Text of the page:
Beauty in the Weeds

Today’s post is from guest blogger, Christopher Lee. We welcome his contribution and hope you enjoy what he has to share! To find out more about Chris and his work, go to



In the field of social innovation one analogy for ‘complex’ challenges is that of raising a child.  There’s no recipe to follow. No precise set of expertise, knowledge, and rules that will ensure a child will turn out according to your predictions (though many will say they have the answer).  Parenting, I am learning, is an intricate practice of being in relationship with the uniqueness of your child.  This analogy is close to my heart, not only because I’m a father, but also because of a special place called Dandelion Daycare, where a group of people comes together to engage in the complex and mysterious challenge of raising their kids.


When my partner, Vanessa, our daughter, Anabel and I moved back to Toronto in 2010, one of the things on our mind was how we were going to provide care for Anabel while we were at work and school.  We were fortunate to have both sets of willing and able grandparents nearby who were eager to spend some time with their granddaughter, but some form of paid care was going to be a necessity.  The options to us seemed limited: get on a waiting list for an institutional daycare that would require a 5 day-a-week commitment (part-time daycare seems to be a rarity in Toronto), or hire a part-time nanny (which we couldn’t afford). There was also a strong urge to remain involved in Anabel’s care.  For the first year-and-a-half of her life, she was almost exclusively by our sides (and especially Vanessa’s), and we cherished being able to have this type of involvement.

A few months after returning, we ran into an old college classmate of mine, Jackie.  She was with her son, Alexander, who happened to be a few days older than Anabel and we quickly learned their family lived in the same neighbourhood.  As conversations between parents with young kids often seem to follow, we ended up talking about childcare and she told us that she was part of a family-run co-operative daycare called Dandelion Daycare.  We were intrigued.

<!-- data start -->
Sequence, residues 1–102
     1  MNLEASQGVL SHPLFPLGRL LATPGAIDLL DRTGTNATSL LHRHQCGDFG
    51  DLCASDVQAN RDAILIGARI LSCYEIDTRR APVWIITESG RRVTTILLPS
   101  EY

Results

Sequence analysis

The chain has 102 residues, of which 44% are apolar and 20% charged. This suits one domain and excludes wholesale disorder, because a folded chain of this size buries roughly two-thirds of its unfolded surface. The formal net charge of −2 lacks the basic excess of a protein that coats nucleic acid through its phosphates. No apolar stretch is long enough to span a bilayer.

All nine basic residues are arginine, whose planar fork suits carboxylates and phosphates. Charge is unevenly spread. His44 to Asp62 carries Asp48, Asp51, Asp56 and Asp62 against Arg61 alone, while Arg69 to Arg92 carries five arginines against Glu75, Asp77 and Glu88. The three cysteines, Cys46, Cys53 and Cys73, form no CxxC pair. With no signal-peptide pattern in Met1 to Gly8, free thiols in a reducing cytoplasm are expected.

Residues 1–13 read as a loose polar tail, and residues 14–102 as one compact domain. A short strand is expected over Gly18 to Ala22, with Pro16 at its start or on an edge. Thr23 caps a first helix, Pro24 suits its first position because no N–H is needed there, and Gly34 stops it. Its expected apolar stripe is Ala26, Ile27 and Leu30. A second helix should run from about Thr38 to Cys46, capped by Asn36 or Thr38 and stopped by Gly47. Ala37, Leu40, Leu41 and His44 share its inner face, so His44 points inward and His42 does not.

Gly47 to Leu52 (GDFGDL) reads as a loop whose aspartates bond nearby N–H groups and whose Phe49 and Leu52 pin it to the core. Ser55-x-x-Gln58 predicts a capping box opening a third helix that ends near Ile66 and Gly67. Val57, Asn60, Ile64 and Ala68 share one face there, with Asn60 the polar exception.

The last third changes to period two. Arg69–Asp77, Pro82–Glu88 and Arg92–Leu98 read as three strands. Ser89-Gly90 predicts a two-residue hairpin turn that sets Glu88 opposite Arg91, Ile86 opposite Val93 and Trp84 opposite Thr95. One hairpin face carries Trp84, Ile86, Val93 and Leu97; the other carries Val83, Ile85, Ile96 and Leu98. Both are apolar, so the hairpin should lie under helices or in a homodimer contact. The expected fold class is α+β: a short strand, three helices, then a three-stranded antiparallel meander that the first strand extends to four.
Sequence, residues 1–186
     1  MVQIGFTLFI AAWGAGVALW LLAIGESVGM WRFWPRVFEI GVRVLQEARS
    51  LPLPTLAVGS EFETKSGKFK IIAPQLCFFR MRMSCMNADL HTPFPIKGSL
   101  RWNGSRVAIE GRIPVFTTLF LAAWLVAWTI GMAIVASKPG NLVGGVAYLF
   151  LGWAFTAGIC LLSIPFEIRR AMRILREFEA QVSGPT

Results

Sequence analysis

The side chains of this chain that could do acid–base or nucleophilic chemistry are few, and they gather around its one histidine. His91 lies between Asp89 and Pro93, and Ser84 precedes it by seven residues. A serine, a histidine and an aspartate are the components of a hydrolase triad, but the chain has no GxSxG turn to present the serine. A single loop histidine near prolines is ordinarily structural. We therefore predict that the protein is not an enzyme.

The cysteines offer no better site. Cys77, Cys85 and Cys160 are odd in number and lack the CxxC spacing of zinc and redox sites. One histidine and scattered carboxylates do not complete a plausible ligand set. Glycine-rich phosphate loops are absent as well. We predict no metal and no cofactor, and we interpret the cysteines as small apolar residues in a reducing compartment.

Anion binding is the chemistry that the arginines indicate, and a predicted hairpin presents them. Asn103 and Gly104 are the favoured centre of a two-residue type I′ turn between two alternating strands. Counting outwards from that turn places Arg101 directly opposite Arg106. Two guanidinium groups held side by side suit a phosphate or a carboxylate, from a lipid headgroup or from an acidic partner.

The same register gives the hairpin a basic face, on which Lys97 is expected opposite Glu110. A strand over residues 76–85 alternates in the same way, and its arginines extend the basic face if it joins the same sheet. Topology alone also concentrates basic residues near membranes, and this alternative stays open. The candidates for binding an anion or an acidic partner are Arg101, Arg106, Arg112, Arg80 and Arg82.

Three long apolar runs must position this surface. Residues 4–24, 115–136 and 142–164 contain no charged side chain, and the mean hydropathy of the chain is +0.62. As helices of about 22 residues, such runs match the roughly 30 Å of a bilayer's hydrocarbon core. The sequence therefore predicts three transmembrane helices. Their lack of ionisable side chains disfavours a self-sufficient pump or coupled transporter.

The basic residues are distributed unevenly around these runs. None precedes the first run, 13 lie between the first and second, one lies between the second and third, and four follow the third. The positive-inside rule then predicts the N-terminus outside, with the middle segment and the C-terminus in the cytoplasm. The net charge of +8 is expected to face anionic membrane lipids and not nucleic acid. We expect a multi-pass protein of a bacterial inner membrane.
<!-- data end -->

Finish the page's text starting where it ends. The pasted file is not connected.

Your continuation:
At play...

At play…

We were familiar with co-operative models through our experience of having lived in a co-op housing building in Vancouver and loved the idea of people intentionally coming together to create change around an issue they care about.  In practice, however, we knew that co-operatives are not necessarily the ‘easiest ‘option. One of the key learnings from our experiences was that they required a commitment to finding ways to navigate the differences that exist in every group.  So, the idea of how we might come together with nine other families to collectively care for our kids was both exciting and daunting, especially considering the emotionally charged nature of parenting and all the societal pressures that come at you from every which direction.

Still, the prospects looked promising.  It was hard for us not to be inspired by the group of parents who came together five years ago to address their need for childcare.  It was more than about ‘need’, however: They wanted to raise their kids with ideals of social justice and environmental awareness, as well as have an active role in their kids’ daily lives. Over a span of 6 months, a core group formed, they found a location, developed some working policies, hired a caregiver, and came up with a care model that remains the backbone of the co-op today – every day, a rotating ‘duty parent’ would team up with a paid caregiver to look after the kids. Dandelion was born.

As with all complex challenges, navigating them requires a delicate balance between chaos and order.  I’ve certainly felt this with Dandelion. Keeping up with the emails and meetings, balancing interpersonal dynamics, ensuring the nitty gritty work of scheduling, budgeting, cleaning and all that goes into creating the daycare structure sometimes feels like we’re teetering along oblivion, striving to hold onto some semblance of balance.



And then there are the days spent with the kids, which can indeed be viscerally and mentally chaotic… and full of transcendent moments. These moments are often hinted at in the nightly story the duty parent sends out about the day’s adventures.  They detail the highs and lows, the little moments and the grand themes of the day and offer a glimpse into the sacred space of relationships our families create and nurture on a daily basis. They raise questions about our responsibility for one another, our roles as stewards for our children, and how we can support each other in this messy thing we call parenthood.  And they remind me that there is no recipe to follow, no instruction manual to implement, just simply that these stories are a good place to start.

To learn more about Dandelion Daycare Co-op, check out


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